A Department of Homeland Security Center of Excellence led by the University of Maryland

Patterns of Radicalization in Political Activism


Patterns of Radicalization in Political Activism

Investigators: 

Project Details

Abstract: 

This project explores how societal and organizational conditions and political ideologies influence the normative systems of activists and organizations that use violence, and what aspects of these normative systems are most conducive for terrorist activities. This research assumes that individuals and organizations involved with violent repertoires embrace different conceptions and justifications of violence, and that these differences can be explained by environmental conditions (including national myths about violence, degree of democratization, societal cleavages; tradition of protest policing); organizational ideology (linked with identity, decision-making structure, size, national and international alliances); and individual normative systems.

Primary Findings: 

Analyses shed light on the cognitive mechanisms, communicative dimension, motivations and world views of right-wing radicalization. Social network analysis based on online links between 100 extremist right-wing organizations indicates that Italian and German extremist groups increasingly use the Internet for propaganda, recruitment and internal communication. However, differences have emerged between the two contexts. The Italian extreme-right network appears to be very fragmented, highly diversified and difficult to coordinate ("policephalous network"), whereas the German network is denser and much more concentrated on a few central actors ("star structure"). These differences are mainly due to the political opportunity structures in the two countries. Data showed that the extreme right (in both countries) uses a variegated repertoire that appeals to various constituencies. Forms of action differ by type of group, but they are also imported from opposite groups (the left) as well as the subcultural milieu. Escalation develops often during conflicts with the (perceived) enemy: the left (as in the 1970s), but also migrants. Finally, looking at the frames used by the extreme right, we found a mix of traditional values and innovative (subcultural) elements. Especially in Italy, the opposition to civil rights is often bridged with a conservative interpretation of Catholicism. A specific contemporary element is the reference to issues such as globalization or to a "precarious generation."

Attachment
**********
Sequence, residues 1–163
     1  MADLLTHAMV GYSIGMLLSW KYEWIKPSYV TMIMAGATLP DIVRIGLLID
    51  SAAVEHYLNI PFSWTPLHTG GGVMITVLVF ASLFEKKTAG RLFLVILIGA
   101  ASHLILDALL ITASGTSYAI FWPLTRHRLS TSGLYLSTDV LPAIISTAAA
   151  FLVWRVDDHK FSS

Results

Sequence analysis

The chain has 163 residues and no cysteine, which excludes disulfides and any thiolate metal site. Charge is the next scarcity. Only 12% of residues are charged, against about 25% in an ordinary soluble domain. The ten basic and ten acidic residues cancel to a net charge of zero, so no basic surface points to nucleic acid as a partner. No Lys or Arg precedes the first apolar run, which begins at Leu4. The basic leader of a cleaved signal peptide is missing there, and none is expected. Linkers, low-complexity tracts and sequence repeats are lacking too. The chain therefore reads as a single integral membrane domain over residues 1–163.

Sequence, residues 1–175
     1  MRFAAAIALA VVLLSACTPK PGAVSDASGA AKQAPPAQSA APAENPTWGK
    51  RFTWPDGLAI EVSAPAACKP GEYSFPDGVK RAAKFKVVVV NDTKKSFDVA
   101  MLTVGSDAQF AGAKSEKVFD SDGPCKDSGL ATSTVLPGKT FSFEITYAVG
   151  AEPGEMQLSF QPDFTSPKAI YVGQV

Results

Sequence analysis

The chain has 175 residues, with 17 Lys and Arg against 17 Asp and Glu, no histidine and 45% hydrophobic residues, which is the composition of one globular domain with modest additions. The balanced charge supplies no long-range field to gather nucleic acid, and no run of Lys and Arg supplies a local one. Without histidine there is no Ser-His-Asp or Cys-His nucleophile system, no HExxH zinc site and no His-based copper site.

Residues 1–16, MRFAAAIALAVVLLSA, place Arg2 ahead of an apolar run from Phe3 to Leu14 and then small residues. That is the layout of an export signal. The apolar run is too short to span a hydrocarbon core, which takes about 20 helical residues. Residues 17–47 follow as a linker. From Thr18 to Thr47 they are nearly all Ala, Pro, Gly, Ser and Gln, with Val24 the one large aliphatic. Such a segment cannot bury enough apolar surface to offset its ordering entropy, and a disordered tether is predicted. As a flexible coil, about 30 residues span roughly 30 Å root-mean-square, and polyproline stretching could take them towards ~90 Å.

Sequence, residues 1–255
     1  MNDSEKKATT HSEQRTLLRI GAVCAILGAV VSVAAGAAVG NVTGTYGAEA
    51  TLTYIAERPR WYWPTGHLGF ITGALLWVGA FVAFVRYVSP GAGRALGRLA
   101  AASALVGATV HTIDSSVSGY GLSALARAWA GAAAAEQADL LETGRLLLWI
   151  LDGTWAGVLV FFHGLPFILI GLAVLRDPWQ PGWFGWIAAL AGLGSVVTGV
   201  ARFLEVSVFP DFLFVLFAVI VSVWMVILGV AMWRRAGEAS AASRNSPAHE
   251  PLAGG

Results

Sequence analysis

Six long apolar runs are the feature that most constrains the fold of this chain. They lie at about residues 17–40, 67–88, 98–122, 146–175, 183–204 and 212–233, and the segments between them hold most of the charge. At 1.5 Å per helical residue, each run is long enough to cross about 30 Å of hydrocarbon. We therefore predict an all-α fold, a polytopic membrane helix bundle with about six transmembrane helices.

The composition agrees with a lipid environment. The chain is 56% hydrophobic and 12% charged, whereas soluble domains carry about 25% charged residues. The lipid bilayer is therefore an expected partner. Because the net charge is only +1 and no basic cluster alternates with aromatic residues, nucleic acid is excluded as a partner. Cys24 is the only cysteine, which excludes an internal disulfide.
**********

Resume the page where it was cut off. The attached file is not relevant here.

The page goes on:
Methodology: 

Case studies were conducted of several different types of extreme right organizations (political parties, political movements, sub-cultural skinhead groups) in Italy and Germany using a range of methodologies (frame analysis, protest event analysis, and social network analysis) and sources (organizational documents of right wing organizations, online documents and webs, newspapers data) in order to identify different properties of extremist groups. Analysis of the most relevant documents produced by extreme right organizations sheds light on the cognitive mechanisms, the communicative dimension, the motivations, and world views of right-wing radicalization. Social network analysis based on (online) links between 100 extreme right organizations in each country mapped the strategic, structural, and communicative alliances of the individual organizations and showed the organizational and potential mobilizational structure of the right wing sector in each of the two countries. Finally, the protest event analysis based on newspapers articles between 2000 and 2007 stressed the forms and frequencies of far-right mobilization.

Timeframe

Project Period: 
June 2008 to December 2009